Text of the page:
G. Rizzoni, Principles and Applications of Electrical Engineering
Problem solutions, Chapter 6
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Chapter 6 Instructor Notes
Chapter 6 has also seen substantive revisions with respect to the Third Edition.
A section on
Fourier analysis has been added (Section 6.2), and the material on Bode plots has been expanded (Section
6.4). The material on Laplace transforms has been moved to the Appendix B.
These changes were
prompted by comments and suggestions made by numerous users. Chapter 6 can be covered immediately
following Chapter 4, or after completing Chapter 5.
There is no direct dependence of Chapter 6 on Chapter
5.
After the first section briefly introduces the notion of sinusoidal frequency response and motivates
the use of sinusoidal signals, the Fourier Series method of representing signals is described in detail in
Section 6.2.
Further, the text and examples also illustrate the effect of a multi-components signal
propagating through a linear system.
Four examples accompany this presentation.
Instructors who use this
material will find some computing tools available on the website that will assist the students in developing
an intuitive understanding of Fourier series.
Section 6.3 introduces filters, and outlines the basic characteristics of low-, high- and band-pass
filters.
The concept of resonance is treated in greater depth than in the previous edition, and a connection is
made with the natural response of second order circuits, which may be useful to those instructors who have
already covered transient response of second-order circuits. Four detailed examples are included in this
section,
Further, the boxes
Focus on Measurements: Wheatstone bridge filter
(pp. 310-303),
Focus on
Measurements: AC line interference filter
(pp. 303-305), and
Focus on Measurements: Seismic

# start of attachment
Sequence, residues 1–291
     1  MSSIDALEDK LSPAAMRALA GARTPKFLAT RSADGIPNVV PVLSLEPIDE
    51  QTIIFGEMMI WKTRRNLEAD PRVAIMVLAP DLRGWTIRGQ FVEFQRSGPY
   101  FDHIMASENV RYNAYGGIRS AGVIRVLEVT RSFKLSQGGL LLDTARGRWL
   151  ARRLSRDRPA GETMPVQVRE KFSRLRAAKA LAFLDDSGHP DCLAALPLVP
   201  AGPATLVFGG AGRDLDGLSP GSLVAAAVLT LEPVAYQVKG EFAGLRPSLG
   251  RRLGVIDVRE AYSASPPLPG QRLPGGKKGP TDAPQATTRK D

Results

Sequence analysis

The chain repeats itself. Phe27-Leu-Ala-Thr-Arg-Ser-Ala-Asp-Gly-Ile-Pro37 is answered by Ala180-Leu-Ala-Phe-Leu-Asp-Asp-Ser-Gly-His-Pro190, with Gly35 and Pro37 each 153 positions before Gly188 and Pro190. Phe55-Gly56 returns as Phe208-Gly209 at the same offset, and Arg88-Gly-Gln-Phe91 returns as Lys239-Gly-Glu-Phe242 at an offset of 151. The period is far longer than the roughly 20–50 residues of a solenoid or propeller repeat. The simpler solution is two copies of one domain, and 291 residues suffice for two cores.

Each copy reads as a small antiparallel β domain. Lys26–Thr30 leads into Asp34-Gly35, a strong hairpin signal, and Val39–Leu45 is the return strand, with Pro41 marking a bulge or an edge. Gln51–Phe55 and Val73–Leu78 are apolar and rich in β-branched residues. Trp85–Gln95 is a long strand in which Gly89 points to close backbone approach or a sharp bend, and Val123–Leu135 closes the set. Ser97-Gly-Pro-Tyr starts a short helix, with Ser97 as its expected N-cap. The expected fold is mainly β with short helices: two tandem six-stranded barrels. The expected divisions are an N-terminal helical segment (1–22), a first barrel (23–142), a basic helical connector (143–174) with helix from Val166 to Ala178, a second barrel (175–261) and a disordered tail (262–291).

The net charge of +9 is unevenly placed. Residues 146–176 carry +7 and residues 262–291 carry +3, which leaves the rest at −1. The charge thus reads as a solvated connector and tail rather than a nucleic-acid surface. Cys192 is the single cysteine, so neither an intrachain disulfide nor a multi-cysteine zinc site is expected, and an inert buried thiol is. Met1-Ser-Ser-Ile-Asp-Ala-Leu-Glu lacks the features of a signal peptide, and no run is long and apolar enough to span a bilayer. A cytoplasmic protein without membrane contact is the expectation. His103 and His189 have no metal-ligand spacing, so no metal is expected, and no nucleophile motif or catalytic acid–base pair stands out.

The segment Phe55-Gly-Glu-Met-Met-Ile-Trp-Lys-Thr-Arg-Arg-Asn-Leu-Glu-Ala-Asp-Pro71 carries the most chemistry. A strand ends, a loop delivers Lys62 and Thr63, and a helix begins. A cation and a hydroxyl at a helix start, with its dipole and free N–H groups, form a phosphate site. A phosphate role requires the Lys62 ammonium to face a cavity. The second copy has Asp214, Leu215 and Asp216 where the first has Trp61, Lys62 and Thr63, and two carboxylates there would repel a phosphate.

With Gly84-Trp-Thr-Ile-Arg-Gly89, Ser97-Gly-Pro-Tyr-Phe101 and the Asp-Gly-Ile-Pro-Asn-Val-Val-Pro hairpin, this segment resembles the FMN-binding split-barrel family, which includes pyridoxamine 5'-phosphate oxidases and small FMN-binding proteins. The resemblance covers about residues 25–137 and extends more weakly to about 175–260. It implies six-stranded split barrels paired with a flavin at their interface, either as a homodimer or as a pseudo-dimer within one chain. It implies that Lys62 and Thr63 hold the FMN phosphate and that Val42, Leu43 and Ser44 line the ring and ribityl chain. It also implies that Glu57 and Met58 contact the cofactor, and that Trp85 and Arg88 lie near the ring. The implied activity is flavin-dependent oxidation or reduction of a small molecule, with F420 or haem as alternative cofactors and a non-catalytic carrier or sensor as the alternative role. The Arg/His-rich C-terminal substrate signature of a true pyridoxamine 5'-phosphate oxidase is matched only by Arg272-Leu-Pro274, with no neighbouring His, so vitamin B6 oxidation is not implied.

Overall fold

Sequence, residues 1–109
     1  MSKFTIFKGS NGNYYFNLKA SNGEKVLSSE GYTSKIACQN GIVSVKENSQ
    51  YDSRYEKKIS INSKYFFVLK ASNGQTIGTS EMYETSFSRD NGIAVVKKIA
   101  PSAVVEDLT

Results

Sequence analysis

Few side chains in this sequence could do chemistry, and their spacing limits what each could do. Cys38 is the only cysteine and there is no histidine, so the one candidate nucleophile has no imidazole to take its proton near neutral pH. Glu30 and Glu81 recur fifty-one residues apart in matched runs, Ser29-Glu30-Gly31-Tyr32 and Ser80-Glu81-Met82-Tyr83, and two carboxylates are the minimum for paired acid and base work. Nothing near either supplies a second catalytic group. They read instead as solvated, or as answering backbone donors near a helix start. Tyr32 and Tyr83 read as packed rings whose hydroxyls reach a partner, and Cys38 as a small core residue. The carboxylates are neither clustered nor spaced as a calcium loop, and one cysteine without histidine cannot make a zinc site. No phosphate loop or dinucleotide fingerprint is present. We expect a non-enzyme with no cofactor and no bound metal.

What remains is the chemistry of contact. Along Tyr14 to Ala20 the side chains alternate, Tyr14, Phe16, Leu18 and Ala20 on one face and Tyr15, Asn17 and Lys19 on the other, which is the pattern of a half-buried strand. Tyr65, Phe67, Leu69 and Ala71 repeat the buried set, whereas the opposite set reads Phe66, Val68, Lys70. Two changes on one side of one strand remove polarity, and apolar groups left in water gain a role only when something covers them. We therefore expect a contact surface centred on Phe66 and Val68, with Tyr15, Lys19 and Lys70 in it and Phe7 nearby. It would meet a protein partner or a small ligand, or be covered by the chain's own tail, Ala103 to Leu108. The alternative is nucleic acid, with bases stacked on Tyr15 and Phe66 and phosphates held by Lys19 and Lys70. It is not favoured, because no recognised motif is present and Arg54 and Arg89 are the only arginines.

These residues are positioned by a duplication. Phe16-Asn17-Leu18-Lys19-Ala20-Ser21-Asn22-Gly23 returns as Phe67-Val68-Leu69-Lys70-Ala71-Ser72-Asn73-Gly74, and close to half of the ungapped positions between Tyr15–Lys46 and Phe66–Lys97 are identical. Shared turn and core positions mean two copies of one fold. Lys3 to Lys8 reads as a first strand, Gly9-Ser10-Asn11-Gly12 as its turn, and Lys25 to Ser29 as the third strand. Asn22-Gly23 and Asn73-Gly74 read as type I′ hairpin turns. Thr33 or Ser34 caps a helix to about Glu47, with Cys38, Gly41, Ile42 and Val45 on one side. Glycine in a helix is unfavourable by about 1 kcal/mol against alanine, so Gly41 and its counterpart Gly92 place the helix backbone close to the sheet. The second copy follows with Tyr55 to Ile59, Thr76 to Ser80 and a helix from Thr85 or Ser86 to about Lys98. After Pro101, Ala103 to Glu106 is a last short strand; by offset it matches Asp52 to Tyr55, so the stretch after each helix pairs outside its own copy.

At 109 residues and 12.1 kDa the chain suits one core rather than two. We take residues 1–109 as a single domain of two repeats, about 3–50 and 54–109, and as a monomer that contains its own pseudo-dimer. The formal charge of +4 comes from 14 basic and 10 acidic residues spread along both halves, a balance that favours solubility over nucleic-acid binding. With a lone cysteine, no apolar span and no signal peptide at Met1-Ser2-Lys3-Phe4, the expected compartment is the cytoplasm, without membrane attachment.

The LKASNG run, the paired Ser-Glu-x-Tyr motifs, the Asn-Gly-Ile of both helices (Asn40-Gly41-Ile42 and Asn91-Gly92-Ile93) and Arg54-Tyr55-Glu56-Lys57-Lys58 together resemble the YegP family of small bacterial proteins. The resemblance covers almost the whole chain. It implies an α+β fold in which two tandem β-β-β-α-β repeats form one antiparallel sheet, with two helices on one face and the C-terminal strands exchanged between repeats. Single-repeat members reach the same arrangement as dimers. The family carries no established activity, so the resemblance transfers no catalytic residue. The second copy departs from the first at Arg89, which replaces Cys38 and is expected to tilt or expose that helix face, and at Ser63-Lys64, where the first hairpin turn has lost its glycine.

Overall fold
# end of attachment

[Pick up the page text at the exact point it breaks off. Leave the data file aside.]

displacement transducer
(pp. 305-308) touch on additional application examples.
The first and last of these
boxes can be linked to related material in Chapters2, 3, and 4.
The instructor who has already introduced the operational amplifier as a circuit element will find
that section 8.3, on active filters, is an excellent vehicle to reinforce both the op-amp concept and the
frequency response ideas.
Another alternative (employed by this author) consists of introducing the op-
amp at this stage, covering sections 8.1 through 8.3.
Finally, Section 6.4 expands the previous coverage of Bode plots, and illustrates how to create
approximate Bode plots using the straight-line asymptotic approximation. The box
Focus on Methodology:
Bode Plots
clearly outlines the method, which is further explained in two examples.
The homework problems present several frequency response, Fourier Series, filter and Bode plot
exercises of varying difficulty.
The instructor who wishes to use one of the many available software aids
(e.g., MATLAB® or Electronics Workbench® ) to analyze the frequency response of more complex
circuits and to exploit more advanced graphics capabilities, will find that several advanced problems lend
themselves nicely to such usage. More advanced problems could be used as a vehicle to introduce modern